Tuesday, 8 March 2011

The Lost Civilisation – whose secrets still survive on Britain’s hillsides

Take a drive down any country road that is surrounded by hills and valleys and you will see strange grassy mounts spread sporadically across Britain’s countryside.  These mounts are known to archaeologists as ‘barrows’ and are some of the oldest prehistoric monuments in our history.

If you look at the ‘interpretation’ of these barrows the process becomes very confusing, as Wikipedia will inform you that a Barrow or ‘tumuli’ is “a mound of earth and stones raised over a grave or graves….. and can be found much throughout the world.”

Then it starts to get confusing as “the word tumulus is the Latin for ‘mound or small hill…….”
So is it a grave or a small hill, or a small grave in a shape of a small hill?

It starts to get even more confusing when you look at the varieties of Barrow you can find.  For there are:

Barrows
Bell Barrows
Bowl Barrows
D-Shaped Barrows
Fancy Barrows
Long Barrows
Oval Barrows
Platform Barrows
Pond Barrows
Ring Barrows
Round Barrows
Saucer Barrows
And even Square Barrows!!

I make those 13 different types of barrow according to current archaeology.  Surely, if the archaeologists are correct and these are just grave plots, does it matter what shape they are?

The problem is some if not most Barrows do not have any graves inside them.  The classic case is Silbury Hill at Avebury, the largest prehistoric man-made mount in Europe.  This massive achievement took approximately 18 million man hours to build with antler picks and stone axes.

It was always believed to be a great ‘barrow’ grave to a king, like its Egyptian counterparts.  So on several occasions in the past great tunnels and shafts have been dug to find…… absolutely nothing!
No king, no gold and no lost treasure, just chalk.  So have we got the interpretation of these monuments so wrong and if so, what was there real purpose?

To answer that question we must look at just one variety of barrows – the ‘Long Barrow’.  We have chosen the long barrow because it is the oldest of all the barrows and if we can see why they built these types of barrow we may get a better indication of why the others were build later in history.

The first thing we should note about Long Barrows is that they are unique to Northern Europe, unlike the round barrows.  Archaeologists agree that the long barrow is the oldest monument to exist in our landscape.  This belief originates from the evidence that the structure is very elaborate and includes megalithic stones like the one found at Avebury and other stone circles.  Moreover, they are also aware that they contain bones from many dead people, collected together in the chambers of these burial mounds, rather than individual graves.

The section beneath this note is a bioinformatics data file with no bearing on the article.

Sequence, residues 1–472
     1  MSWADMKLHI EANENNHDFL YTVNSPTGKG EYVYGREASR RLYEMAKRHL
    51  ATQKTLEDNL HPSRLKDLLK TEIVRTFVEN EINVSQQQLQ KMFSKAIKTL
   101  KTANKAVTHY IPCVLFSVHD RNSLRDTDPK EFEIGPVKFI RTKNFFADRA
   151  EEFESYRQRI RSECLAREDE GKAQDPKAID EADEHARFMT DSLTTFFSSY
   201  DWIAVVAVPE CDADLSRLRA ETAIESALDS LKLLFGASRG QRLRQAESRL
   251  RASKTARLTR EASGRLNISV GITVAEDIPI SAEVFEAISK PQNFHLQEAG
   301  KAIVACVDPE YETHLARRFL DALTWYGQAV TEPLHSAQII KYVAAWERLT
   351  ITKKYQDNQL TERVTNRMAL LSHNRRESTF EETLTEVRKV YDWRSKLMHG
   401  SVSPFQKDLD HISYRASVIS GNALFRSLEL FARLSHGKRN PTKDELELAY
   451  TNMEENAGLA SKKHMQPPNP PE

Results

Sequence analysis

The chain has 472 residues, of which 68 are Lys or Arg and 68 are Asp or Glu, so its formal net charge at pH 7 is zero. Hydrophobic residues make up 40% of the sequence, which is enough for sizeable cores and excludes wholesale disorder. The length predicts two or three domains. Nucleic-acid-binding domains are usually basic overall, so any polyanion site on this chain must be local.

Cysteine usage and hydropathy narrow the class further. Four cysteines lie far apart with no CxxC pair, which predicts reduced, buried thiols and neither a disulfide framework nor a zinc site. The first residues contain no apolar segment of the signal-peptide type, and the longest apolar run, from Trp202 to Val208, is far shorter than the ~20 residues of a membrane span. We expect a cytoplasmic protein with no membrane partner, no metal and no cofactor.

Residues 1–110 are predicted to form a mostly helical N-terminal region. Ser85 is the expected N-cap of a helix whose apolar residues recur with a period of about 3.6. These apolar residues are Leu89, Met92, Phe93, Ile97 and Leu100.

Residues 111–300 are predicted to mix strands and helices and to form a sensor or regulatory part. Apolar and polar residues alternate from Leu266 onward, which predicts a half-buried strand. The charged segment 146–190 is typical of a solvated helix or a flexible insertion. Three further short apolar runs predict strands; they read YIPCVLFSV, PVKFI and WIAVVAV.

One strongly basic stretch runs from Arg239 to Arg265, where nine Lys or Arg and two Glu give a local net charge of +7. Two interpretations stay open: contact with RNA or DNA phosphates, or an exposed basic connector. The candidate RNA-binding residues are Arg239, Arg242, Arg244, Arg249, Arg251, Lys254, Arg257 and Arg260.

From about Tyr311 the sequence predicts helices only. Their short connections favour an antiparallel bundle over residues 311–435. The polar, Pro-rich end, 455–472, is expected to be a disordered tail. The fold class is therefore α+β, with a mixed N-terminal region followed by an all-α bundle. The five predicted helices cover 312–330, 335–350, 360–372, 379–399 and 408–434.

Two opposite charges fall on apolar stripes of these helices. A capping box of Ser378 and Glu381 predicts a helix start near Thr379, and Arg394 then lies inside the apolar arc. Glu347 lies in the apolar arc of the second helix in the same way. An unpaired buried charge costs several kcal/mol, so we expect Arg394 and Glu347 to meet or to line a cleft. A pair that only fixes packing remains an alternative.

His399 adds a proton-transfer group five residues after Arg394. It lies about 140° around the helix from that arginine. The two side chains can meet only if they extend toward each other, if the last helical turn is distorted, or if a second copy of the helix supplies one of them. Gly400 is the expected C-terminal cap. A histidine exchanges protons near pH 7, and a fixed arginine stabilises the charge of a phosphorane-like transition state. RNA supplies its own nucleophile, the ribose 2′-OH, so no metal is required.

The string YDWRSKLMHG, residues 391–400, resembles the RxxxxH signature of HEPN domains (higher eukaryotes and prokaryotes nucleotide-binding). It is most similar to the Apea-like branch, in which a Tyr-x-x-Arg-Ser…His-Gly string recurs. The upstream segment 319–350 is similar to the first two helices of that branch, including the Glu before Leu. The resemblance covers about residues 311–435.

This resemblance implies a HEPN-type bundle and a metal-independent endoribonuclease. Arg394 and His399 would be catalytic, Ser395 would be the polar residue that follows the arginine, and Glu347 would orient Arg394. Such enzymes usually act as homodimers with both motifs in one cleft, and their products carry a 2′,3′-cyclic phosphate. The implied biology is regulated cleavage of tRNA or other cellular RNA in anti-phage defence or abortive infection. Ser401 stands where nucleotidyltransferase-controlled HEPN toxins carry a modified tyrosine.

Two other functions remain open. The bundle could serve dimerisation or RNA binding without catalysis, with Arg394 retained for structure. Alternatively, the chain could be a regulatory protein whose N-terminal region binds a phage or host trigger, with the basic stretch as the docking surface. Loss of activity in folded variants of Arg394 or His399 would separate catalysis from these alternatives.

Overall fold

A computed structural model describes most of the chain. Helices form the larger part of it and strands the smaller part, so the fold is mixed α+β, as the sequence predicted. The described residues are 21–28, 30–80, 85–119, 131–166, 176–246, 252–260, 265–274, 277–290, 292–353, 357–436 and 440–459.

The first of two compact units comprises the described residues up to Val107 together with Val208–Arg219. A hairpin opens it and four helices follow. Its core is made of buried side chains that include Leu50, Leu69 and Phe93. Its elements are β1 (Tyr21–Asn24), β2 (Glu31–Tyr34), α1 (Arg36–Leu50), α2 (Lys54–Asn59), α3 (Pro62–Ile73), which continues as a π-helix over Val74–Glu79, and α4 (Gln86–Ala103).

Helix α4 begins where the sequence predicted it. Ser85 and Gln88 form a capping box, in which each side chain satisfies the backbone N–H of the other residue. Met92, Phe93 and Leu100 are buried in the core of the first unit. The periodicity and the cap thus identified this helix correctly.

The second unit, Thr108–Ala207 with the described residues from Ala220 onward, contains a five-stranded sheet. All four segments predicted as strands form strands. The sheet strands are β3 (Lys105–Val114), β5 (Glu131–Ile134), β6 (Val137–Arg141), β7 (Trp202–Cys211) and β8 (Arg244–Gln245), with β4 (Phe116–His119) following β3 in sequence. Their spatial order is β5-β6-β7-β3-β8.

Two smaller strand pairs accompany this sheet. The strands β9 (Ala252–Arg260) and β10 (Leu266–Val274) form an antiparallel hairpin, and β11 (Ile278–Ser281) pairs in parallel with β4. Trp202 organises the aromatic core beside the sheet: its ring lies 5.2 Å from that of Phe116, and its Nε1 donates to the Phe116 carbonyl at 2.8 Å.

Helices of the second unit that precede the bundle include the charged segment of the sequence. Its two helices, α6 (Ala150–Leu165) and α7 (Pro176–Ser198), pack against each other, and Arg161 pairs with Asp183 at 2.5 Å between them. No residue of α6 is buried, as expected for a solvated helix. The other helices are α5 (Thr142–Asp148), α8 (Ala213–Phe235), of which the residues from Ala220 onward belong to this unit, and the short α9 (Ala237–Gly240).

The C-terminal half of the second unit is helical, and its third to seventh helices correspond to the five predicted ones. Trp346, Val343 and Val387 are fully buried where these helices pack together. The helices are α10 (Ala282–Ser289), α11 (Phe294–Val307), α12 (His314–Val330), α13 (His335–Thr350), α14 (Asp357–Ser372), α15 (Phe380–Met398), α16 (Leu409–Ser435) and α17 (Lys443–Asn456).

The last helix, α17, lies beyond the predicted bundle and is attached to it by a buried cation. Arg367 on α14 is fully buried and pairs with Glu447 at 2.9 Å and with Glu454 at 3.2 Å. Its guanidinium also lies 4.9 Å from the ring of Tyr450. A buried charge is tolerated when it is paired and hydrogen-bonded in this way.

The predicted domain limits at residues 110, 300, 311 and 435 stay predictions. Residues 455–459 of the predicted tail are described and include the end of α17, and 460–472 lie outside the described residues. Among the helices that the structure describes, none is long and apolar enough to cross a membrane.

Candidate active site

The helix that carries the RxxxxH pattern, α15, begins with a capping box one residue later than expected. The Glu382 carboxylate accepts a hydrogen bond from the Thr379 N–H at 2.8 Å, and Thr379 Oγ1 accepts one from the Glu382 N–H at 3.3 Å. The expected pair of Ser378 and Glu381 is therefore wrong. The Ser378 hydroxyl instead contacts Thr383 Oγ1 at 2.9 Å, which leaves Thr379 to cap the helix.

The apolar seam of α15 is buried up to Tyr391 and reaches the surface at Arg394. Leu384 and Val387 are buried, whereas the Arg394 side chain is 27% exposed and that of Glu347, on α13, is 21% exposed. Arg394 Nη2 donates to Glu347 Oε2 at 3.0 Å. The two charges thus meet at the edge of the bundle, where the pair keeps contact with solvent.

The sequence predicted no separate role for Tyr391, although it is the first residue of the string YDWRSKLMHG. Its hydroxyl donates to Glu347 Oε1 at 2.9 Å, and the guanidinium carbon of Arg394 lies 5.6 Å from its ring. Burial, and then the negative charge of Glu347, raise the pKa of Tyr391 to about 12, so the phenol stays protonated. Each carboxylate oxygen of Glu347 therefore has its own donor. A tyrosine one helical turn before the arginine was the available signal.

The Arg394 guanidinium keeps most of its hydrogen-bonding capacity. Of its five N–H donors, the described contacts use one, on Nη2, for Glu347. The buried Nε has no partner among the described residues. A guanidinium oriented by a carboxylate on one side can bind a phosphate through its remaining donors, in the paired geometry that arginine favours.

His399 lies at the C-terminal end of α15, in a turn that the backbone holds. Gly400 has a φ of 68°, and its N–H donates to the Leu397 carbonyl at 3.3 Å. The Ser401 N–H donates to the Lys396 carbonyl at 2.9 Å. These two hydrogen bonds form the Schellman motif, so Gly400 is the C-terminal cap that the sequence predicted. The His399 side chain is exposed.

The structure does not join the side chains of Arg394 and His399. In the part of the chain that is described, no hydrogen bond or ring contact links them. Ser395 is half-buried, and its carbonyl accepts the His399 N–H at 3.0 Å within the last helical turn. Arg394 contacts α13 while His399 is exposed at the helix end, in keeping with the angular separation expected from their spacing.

Carbon Dating of these bones, as in West Kennett, shows that the bones date back to 3700 BC (about 1,000 years earlier than current build of Stonehenge).  What must be considered is that that date is NOT the construction of the long barrow; it is the date of a set of bones found within.  It is quite possible that bones were cleared out of the open chamber in 3700BC for the bones that we have carbon dated today.

Another interesting feature of these monuments is the size and shape.  We know that these barrows were used for burials as we have found purpose made chambers and bones, so can safely assume the connection to death and the afterlife.  So the shape and size should give us an indication to the beliefs of our ancient ancestors.

Long barrows are long and thing (hence there common name), but more importantly is that they are thinner at one end than the other.


Figure 1. West Kennett Long Barrow - Quite a distinctive and strange shape.

Excavations have shown that there was a ditch that surrounded the barrow, which some archaeologist speculates that was there as a defence feature to keep out animals.  This assumption seem feasible at first glance but, if you want to keep something out you would build a fence as its quicker, cheaper and more effective than a ditch.

The only reason someone would build a ditch is to fill it with water.  We have recently discovered that the landscape in prehistoric times was much more watery than we had first imagined.  The last Ice Age had raised the water levels flooding the environment and turned the landscape to a watery environment or islands and peninsulas.